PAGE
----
Real Madrid and Barcelona face huge tax bills after losing legal case as they're ordered to pay back 'illegal state aid'
REAL MADRID and Barcelona face major new tax bills after losing a landmark legal case.
The European Court of Justice has overturned a previous ruling and ordered the two Spanish giants, plus Athletic Bilbao and Osasuna, to pay back what was deemed “illegal state aid”.
And that will see all four clubs having to pay back £4.3m in taxes – just a fraction of the money they avoided over a 20-year period.
The clubs were initially ordered to pay the refunds by the European Commission in 2016.
That came after the EC ruled that the Spanish Government provisions allowing them to pay five per cent less tax on their profits for two decades had been an unfair advantage over other clubs.
In 2019, an appeal to the ECJ’s General Court was upheld, with the tax regime declared to be “lawful”.
But now the full ruling has gone back to the original EC decision, determining the lower court was wrong in backing the tax situation and that the measures were effectively an “aid scheme”.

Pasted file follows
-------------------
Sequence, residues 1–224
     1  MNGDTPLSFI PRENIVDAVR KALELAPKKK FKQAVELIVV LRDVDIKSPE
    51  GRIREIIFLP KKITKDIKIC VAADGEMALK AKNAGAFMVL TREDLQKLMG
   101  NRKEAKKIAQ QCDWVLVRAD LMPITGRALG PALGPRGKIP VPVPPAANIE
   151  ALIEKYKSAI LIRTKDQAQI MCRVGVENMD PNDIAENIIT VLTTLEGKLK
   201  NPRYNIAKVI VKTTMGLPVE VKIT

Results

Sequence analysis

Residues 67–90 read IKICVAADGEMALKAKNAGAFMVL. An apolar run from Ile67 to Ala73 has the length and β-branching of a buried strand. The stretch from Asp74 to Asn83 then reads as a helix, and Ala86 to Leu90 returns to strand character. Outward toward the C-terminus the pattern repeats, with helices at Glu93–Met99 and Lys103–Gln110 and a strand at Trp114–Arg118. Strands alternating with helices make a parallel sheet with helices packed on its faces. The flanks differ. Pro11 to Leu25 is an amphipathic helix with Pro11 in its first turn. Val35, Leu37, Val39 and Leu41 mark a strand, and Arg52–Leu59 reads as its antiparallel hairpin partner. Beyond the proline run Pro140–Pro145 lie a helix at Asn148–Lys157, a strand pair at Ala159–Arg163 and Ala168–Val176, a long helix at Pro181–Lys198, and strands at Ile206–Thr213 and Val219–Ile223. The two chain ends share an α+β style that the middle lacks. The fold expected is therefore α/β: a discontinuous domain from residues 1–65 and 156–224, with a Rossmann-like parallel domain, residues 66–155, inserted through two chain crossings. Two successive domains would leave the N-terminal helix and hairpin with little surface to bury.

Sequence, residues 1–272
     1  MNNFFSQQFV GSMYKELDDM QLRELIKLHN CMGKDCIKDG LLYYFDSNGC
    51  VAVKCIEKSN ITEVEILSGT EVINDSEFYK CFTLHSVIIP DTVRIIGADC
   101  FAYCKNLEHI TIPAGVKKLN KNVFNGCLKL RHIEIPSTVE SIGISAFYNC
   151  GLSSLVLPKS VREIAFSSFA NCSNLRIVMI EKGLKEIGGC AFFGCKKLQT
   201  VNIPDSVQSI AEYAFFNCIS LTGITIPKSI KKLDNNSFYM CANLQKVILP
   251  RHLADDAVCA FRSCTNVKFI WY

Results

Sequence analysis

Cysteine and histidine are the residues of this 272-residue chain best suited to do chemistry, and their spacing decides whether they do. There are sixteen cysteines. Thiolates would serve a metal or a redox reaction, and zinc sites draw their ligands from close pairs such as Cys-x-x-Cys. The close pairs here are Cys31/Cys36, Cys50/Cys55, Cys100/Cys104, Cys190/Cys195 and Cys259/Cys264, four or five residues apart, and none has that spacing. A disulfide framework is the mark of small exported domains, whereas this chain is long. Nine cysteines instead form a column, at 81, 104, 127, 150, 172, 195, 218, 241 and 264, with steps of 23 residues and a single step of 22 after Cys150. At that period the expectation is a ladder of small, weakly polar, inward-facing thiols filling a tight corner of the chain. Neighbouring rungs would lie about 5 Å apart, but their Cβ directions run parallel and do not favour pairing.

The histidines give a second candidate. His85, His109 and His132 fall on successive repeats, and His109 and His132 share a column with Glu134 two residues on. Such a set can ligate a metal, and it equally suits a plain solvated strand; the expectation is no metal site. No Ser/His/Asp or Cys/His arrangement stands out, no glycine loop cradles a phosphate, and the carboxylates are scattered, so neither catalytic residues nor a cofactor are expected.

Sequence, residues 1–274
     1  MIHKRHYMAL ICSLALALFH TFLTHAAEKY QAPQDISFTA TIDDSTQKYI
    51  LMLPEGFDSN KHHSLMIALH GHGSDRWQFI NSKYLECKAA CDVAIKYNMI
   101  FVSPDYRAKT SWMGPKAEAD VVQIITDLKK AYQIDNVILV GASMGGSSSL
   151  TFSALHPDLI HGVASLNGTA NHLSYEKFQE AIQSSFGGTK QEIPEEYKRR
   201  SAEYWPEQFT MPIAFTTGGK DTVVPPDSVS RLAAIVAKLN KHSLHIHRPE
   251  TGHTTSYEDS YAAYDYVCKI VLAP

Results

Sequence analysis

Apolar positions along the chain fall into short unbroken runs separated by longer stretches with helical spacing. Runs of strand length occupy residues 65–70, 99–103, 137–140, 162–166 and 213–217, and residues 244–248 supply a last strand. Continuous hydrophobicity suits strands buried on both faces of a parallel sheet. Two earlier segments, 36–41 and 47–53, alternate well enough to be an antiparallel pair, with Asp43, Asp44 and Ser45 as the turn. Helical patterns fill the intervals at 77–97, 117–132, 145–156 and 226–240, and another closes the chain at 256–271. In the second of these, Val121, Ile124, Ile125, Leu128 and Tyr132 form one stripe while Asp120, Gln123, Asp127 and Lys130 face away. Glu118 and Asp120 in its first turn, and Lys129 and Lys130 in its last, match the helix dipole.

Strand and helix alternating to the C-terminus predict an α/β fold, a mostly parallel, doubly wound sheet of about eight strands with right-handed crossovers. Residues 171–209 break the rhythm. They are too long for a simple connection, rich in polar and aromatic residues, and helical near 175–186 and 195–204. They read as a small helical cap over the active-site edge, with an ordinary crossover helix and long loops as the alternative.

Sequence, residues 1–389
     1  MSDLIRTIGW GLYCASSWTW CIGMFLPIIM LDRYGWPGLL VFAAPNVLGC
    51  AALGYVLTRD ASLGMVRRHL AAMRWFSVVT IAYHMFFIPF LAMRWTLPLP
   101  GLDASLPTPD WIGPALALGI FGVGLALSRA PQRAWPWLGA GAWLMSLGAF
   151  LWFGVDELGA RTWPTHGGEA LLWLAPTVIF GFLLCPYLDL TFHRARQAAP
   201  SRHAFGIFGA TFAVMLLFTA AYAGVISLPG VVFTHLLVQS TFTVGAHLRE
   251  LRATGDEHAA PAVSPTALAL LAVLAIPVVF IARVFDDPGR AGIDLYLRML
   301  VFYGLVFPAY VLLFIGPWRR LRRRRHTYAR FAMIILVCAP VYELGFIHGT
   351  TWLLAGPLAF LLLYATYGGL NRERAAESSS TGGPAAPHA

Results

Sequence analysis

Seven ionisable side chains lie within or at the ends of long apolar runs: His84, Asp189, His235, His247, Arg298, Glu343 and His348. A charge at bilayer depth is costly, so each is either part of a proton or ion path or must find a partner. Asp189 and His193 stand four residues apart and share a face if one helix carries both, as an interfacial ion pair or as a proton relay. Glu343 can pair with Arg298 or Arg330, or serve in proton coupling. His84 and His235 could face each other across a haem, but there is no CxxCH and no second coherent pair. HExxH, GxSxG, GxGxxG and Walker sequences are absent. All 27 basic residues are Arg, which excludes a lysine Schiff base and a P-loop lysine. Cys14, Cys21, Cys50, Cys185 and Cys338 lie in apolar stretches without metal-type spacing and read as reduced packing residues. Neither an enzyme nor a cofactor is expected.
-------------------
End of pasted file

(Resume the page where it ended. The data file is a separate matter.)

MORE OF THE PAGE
Despite the amounts running into millions, the repayments for all four clubs has been capped at £4.3m, with the Spanish Government ordered to determine the precise final amount.
It is another blow in a dreadful week for Barcelona, which saw four current and former executives, including previous President Josip Bartomeu, arrested in police raids into a social media corruption campaign.
The Nou Camp club also had its salary cap for this season cut by £31m.
Bartomeu’s successor is due to be elected by a vote of members this weekend, with former President Joan Laporta, who held the post from 2003 to 2010, the favourite to win the ballot.
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